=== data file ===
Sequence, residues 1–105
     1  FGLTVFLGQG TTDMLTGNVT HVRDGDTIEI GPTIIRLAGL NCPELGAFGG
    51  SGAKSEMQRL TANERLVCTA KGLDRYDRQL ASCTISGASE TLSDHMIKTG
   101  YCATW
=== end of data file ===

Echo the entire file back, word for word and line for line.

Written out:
Sequence, residues 1–105
     1  FGLTVFLGQG TTDMLTGNVT HVRDGDTIEI GPTIIRLAGL NCPELGAFGG
    51  SGAKSEMQRL TANERLVCTA KGLDRYDRQL ASCTISGASE TLSDHMIKTG
   101  YCATW